SUBSCRIBE: Newsletter

Human Resources



Relaxed businessman

What makes a workplace awesome?

Human Resources magazine and the HR Bulletin daily email newsletter:
Asia's only regional HR print and digital media brand.
Register for your FREE subscription now »

Investing in a well-connected, safe, and aesthetically pleasing workplace might be better than splurging on an expensive-but-central office space.

As it turns out, your employees across Singapore, Hong Kong, China, South Korea and Taiwan – as well as other countries around the world – care more about their office having reliable and fast IT services, and being professional and presentable, than they care about location.

In a survey from Regus, which polled more than 22,000 respondents in 100 countries, 86% of respondents in Singapore and 85% in Hong Kong said reliable technology is their top feature of an ideal workspace. These were both above the global average of 82%.

Employees also cited an office environment which “guaranteed safety for belongings” as a key feature.

Close to eight out of 10 (78%) of respondents in Singapore and China chose safety as a desired trait, followed by 70% in Hong Kong.

“Workers globally agree that the key feature of an ideal work environment is highly functional ICT, highlighting the need to remain productive and connected at all times,” Michael Ormiston, country manager, Regus Hong Kong, said.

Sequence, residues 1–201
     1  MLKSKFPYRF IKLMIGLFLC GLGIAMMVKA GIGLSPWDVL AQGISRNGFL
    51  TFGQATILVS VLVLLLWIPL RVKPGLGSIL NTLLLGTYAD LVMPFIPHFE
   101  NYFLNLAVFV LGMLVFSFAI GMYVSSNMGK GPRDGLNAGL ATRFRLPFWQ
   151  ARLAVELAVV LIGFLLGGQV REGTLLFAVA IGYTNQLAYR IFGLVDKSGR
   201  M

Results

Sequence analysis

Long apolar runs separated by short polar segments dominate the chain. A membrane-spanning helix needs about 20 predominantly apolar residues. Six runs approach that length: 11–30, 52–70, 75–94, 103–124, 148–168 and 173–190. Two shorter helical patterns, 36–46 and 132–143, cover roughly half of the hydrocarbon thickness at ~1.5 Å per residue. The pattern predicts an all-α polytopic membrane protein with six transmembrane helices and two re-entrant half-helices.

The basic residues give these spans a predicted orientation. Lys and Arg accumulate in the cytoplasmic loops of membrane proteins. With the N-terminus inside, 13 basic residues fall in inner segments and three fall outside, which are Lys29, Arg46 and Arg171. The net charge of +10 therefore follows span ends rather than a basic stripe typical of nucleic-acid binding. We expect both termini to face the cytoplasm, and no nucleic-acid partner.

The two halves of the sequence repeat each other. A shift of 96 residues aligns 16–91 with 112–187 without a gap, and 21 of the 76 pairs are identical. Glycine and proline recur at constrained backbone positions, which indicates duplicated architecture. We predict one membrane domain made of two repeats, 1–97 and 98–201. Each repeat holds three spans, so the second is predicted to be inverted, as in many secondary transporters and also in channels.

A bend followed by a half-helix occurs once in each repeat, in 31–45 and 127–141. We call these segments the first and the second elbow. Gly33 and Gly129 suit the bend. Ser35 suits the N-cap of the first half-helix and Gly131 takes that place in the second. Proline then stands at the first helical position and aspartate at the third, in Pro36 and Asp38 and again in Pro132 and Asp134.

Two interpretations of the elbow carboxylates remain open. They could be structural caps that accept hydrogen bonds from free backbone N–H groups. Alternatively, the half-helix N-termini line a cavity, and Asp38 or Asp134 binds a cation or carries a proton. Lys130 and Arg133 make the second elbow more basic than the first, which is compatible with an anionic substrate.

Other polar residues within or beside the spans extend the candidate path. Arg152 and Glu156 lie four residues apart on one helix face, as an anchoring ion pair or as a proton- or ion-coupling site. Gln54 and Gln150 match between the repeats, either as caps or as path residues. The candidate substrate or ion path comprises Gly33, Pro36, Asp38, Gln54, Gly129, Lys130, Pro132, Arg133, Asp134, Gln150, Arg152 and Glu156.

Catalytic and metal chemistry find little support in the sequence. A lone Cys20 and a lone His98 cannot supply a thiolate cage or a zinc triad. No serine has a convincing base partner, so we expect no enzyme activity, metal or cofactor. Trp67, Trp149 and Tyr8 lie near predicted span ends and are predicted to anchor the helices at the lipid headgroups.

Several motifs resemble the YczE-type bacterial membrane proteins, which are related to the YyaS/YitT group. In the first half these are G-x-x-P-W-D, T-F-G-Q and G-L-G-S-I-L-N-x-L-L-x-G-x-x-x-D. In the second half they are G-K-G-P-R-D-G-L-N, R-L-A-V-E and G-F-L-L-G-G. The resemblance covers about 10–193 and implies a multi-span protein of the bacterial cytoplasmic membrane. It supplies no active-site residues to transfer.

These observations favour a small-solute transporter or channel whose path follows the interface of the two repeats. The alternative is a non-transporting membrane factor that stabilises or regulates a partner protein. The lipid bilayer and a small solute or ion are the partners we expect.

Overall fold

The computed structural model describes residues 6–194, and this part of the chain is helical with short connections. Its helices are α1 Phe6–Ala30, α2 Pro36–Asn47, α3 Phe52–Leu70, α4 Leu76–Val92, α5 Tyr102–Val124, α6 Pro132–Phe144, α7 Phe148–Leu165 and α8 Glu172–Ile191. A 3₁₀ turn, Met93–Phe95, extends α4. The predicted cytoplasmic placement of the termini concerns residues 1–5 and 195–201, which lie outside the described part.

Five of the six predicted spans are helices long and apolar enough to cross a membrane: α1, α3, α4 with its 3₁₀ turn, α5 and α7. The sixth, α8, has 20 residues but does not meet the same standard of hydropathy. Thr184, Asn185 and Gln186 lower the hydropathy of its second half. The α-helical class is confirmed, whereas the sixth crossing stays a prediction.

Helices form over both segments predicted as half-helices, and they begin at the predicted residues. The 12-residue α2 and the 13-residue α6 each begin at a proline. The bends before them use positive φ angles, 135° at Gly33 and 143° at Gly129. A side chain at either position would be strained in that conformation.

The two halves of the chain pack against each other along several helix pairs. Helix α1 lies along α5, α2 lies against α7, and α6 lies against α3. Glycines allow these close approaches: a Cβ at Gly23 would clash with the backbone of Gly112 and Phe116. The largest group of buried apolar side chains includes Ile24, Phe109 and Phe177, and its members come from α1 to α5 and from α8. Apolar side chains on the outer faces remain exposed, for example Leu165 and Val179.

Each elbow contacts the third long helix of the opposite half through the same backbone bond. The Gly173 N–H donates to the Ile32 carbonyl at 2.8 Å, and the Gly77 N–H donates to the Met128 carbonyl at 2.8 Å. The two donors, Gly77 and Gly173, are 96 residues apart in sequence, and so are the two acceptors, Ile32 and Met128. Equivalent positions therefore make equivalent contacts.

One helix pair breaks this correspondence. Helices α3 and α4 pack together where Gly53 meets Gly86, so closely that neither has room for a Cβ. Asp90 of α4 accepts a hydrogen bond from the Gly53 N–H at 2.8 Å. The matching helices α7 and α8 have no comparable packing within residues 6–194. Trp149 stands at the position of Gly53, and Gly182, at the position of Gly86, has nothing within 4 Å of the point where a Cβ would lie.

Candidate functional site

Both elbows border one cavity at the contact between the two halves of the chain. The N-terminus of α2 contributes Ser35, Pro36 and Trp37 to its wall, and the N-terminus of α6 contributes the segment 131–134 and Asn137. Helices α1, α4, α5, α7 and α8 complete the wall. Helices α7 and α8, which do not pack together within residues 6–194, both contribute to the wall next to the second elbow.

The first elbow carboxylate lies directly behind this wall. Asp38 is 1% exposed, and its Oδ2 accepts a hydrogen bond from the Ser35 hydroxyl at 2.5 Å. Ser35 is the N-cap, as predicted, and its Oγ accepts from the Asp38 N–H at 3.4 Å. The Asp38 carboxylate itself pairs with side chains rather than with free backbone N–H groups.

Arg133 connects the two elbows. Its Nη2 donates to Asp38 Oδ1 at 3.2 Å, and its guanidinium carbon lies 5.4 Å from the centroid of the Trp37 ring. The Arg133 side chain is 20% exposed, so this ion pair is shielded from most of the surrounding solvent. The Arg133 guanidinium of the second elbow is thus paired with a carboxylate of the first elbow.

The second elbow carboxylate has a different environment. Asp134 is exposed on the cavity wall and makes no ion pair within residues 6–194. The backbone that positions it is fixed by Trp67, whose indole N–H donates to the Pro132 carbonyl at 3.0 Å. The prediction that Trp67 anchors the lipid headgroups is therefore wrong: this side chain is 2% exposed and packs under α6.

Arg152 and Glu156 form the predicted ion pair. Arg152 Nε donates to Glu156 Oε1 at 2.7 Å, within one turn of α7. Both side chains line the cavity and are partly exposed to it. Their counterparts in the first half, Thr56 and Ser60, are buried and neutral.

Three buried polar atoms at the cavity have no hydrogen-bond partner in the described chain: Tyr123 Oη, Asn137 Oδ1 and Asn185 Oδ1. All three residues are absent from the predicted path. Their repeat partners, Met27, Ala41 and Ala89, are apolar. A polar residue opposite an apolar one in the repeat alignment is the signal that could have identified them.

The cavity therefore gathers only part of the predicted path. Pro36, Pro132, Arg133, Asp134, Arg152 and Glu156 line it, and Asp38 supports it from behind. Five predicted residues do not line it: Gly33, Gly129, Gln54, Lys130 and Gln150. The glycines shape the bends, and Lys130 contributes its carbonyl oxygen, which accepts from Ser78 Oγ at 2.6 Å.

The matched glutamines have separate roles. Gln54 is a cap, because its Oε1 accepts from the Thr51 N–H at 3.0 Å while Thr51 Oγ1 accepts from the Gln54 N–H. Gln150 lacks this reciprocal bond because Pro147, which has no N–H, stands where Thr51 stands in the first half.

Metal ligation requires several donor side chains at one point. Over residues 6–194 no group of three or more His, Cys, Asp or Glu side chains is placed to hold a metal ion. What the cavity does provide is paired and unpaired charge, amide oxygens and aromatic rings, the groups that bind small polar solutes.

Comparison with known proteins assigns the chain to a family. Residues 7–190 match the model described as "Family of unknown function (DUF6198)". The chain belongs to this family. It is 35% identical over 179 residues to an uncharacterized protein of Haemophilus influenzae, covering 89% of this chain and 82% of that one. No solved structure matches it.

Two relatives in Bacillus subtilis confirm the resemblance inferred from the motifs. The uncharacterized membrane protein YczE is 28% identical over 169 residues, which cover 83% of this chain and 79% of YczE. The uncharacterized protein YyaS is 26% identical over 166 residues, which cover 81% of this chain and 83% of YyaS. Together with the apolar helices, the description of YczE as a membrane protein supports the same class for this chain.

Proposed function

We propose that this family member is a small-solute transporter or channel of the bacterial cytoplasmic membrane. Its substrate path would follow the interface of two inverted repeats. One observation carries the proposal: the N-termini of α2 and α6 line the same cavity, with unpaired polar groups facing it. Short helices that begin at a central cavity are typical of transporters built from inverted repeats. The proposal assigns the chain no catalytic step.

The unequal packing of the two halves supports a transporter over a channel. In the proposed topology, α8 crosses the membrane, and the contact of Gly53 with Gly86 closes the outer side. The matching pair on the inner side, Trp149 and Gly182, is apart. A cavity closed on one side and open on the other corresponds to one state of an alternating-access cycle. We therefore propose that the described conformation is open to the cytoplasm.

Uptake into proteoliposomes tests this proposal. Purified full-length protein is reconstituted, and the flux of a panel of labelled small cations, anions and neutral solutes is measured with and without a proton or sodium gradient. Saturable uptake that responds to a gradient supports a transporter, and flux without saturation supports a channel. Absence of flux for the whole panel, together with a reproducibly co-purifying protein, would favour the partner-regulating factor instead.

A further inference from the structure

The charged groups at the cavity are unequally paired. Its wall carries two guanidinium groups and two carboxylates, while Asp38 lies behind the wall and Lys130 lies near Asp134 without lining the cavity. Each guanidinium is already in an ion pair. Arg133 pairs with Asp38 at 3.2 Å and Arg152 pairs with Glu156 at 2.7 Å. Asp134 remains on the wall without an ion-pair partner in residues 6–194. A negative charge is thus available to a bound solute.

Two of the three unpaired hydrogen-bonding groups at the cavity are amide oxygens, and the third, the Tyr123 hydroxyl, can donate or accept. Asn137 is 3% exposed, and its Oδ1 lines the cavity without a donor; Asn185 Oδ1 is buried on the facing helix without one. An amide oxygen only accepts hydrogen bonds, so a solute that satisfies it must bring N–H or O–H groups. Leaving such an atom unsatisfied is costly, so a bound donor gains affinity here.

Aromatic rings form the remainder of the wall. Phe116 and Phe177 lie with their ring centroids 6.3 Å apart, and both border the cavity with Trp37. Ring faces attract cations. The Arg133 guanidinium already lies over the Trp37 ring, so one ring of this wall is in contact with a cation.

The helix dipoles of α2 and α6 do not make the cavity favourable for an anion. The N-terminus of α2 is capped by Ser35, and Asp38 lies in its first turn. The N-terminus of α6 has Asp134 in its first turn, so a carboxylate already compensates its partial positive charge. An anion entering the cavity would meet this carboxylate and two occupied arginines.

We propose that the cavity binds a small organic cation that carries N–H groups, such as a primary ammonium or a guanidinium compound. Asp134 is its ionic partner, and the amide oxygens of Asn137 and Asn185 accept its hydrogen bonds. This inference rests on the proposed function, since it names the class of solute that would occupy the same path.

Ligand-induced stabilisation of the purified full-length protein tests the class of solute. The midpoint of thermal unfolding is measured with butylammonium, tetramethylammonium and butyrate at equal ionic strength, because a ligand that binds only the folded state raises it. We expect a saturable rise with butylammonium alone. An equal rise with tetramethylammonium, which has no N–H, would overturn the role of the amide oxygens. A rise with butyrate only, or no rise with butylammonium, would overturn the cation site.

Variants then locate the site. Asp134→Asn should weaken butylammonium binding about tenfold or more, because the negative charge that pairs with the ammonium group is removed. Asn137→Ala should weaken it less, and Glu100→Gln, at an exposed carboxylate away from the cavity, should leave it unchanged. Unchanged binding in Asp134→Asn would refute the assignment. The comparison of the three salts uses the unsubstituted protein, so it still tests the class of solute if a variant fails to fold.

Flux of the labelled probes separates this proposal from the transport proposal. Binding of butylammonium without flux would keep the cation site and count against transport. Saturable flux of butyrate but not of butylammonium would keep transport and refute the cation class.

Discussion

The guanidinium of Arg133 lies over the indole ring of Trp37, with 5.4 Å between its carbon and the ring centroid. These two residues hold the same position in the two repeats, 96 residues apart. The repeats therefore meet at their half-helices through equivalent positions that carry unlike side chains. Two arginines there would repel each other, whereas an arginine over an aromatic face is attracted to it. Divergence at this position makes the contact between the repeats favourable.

“But they also require a smart, safe and professional environment that is well served by transport links. In addition, business people also value being close to other firms in their industry, but they are not willing to locate close to a similar size company. This suggests that, firms see more value in mixing with dissimilar firms.”

READ MORE: Why a lame and ugly office is a good thing

A prestigious location was ranked relatively low by respondents, with only 15% in Singapore and Hong Kong citing it as an important trait of the ideal workspace, on par with the global average.

“Respondents also highlight that locations that are prestigious or up-and-coming hold less attraction than useful locations that have more services nearby, such as transport links, restaurants and shops,” Ormiston said.

“Most of all, workers confirm that they would like to be closer to home, thus cutting the daily commute. The opportunity to work nearer to home at least some of the time would give workers more free time and reduce the productivity drain posed by commuting.”

ALSO READ: The world’s absolute WORST office

Image: Shutterstock

HR Masterclass Series: We're going virtual! New courses, new formats!
Review the 2020 masterclasses here »

Read More News


Leave a Reply

You must be logged in to post a comment.